THE MODERN MINT BLOG

Jun25

Gardening Jobs in June

What are the gardening jobs in June? Here are a few of the things we are looking at around the garden… (and if that’s not enough, then for a simple, easy to digest guide, see Alan’s book below…)

Cut back any perennials that are going over (poppies for example) and thin the stems of plants like euphorbia (please wear gloves when you do this, as when the stems break they exude a milky sap that can irritate your skin.)

Mow and edge the lawn every week (but think about some labour saving alternatives…)

Stake anything you have forgotten to stake.

Tie in your sweetpeas – and get ready for their brilliant display!

Plant out tender or ‘exotic’ plants.

Pick and eat your strawberries and raspberries. Is there any better way to watch Wimbledon?

Have you clipped your box yet?

Prune spring flowering shrubs that have now gone over. This is an important one!

Find out if your garden is bee friendly by taking the buzz test.

Be water-wise – you do not need to water your lawn (though the vegetable garden would appreciate some…)

Weed the borders, and while you’re in there, take a look around you. What is working, what is not? Are there any gaps that need filling or unhappy plants that could be moved? Get to know your flowers!

Last (but not least) enjoy your garden. Sit down, open a bottle of wine and get the barbeque on. That’s what it’s all about!

For more information about what to do in the garden now, try these books – they’ll get you inspired…

The Complete How To Be A Gardener

The Gardener’s Pocket Bible: Every gardening rule of thumb at your fingertips (Pocket Bibles)

RHS Gardening Month by Month

… and for something a little more fun, we offer you this lovely book about a guy who began gardening in London during the day, while spending his evenings writing comedy.

Best moment?

Discovering why it is hard to find a good gardener, because they all die out over winter when there is no work to sustain them! It’s a lovely read, enjoy it!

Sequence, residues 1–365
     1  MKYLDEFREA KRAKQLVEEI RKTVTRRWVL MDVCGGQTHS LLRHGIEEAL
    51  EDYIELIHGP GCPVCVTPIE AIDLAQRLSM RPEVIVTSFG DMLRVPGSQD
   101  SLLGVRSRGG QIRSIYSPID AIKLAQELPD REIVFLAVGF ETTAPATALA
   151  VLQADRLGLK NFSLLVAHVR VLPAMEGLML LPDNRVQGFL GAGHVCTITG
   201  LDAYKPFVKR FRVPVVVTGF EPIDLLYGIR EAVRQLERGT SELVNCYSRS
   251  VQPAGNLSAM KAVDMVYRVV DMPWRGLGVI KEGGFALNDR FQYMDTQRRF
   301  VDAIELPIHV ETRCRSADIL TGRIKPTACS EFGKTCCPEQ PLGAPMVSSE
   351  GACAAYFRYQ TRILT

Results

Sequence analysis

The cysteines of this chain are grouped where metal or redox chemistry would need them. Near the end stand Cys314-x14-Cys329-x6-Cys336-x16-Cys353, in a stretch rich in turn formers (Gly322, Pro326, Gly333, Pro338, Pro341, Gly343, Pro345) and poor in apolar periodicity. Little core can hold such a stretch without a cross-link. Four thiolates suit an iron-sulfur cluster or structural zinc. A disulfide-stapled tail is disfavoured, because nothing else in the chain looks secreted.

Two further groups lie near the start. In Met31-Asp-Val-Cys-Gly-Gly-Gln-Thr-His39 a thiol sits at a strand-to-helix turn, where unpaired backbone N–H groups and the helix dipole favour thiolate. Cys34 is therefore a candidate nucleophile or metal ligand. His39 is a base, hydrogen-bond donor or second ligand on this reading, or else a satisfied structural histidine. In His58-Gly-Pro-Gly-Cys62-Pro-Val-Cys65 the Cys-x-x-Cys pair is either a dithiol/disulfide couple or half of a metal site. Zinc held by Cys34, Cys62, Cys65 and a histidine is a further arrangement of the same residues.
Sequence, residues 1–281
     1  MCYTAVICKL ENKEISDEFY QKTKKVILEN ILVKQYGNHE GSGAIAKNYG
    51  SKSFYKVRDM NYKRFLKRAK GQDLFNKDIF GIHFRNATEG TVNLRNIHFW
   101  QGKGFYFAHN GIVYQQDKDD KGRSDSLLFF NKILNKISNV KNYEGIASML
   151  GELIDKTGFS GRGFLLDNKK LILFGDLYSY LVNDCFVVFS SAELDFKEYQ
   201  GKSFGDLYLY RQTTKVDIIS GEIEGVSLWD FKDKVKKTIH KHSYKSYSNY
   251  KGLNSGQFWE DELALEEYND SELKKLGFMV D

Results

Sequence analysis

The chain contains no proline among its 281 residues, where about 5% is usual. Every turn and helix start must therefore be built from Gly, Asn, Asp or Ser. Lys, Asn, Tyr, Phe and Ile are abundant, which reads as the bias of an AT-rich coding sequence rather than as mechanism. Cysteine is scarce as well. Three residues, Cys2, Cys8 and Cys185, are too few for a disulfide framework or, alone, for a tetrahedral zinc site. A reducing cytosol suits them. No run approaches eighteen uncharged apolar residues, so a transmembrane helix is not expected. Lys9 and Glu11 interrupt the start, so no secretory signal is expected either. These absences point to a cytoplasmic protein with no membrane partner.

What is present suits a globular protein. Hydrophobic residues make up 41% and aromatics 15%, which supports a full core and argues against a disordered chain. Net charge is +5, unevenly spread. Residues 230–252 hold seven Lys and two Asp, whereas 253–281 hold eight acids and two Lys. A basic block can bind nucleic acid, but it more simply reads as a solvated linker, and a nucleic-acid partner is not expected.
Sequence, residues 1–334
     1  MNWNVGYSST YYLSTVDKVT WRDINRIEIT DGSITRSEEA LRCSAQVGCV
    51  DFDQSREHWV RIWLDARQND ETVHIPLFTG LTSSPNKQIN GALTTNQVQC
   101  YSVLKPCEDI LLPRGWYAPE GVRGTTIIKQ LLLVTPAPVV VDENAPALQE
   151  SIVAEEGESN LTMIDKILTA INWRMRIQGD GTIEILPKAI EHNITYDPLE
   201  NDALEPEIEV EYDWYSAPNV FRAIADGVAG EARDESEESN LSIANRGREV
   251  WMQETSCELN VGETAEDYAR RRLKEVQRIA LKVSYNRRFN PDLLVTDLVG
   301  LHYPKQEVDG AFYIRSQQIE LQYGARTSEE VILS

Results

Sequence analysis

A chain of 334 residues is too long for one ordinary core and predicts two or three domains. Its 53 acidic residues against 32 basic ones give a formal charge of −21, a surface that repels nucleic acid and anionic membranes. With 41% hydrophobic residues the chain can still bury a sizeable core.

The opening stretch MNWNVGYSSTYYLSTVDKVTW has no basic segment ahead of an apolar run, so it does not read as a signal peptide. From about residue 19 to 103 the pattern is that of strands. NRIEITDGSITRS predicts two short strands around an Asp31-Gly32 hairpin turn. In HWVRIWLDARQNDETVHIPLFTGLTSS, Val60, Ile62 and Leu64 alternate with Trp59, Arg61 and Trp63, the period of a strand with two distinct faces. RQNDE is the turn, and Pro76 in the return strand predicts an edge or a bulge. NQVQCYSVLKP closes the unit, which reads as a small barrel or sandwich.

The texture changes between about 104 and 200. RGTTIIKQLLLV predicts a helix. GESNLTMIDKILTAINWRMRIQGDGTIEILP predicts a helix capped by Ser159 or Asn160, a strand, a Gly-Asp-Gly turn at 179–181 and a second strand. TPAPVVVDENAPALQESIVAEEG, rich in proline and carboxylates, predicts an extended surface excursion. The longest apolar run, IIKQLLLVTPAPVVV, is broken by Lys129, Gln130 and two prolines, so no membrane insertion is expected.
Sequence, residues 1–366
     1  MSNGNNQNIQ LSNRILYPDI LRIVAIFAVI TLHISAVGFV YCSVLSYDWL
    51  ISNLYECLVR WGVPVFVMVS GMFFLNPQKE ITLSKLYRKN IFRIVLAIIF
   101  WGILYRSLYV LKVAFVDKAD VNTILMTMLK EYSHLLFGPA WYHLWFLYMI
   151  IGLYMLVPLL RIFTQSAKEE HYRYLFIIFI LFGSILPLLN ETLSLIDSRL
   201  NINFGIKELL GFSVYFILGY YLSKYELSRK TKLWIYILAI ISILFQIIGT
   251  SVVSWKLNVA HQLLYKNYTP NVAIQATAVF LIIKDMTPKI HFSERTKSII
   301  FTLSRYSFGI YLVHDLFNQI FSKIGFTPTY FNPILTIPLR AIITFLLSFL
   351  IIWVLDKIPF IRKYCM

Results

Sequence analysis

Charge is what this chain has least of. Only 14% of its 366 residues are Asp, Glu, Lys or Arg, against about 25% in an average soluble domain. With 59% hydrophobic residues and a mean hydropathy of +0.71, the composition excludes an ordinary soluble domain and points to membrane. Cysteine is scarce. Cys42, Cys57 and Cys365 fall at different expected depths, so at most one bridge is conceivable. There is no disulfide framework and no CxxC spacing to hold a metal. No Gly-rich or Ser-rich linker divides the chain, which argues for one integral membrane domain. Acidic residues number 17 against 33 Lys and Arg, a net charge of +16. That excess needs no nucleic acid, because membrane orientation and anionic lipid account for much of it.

Jun28

Make Your Own Microbes

We are fans of effective microbes, and use the in our topiary work. They help keep plants healthy, meaning the plants have more tools in their toolbox and energy in their lives to stave off any diseases. Here is a lovely article that tells you how to make your own microbes. Right at the end. Make Your Own Microbes

Jun15

Boxwood – Dealing With Blight & The Caterpillar

Boxwood is one of our absolute favourite plants. The evergreen leaf that shines in winter, the smell as you clip it, the brilliant shapes you can make from it… but it is suffering somewhat from two major problems: Box Blight Boxwood Caterpillar and Moth None of this is the be all and end all for boxwood, but it helps to be aware of it and know a little about what you can do should either of these problems arise. Boxwood Caterpillar & Moth I hadn’t seen this in a garden I worked on until this spring, when a client I …

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Jun06

Orchard Design At Brogdale, National Fruit Collection In Kent

Last weekend I visited the National Fruit Collection at Brogdale, to take part in an orchard design course they were running. Beautiful place and a warm day, I recommend a visit. I came home with 3 bottles of cider. Drank them all. Then realised they were weighing in at 8%. I don’t recover that quickly (no longer being 20 years old) and so had something of a musty head the next morning. The power of apples I say! Below are some notes I made from the day. They may be of use to you, although really they are there for …

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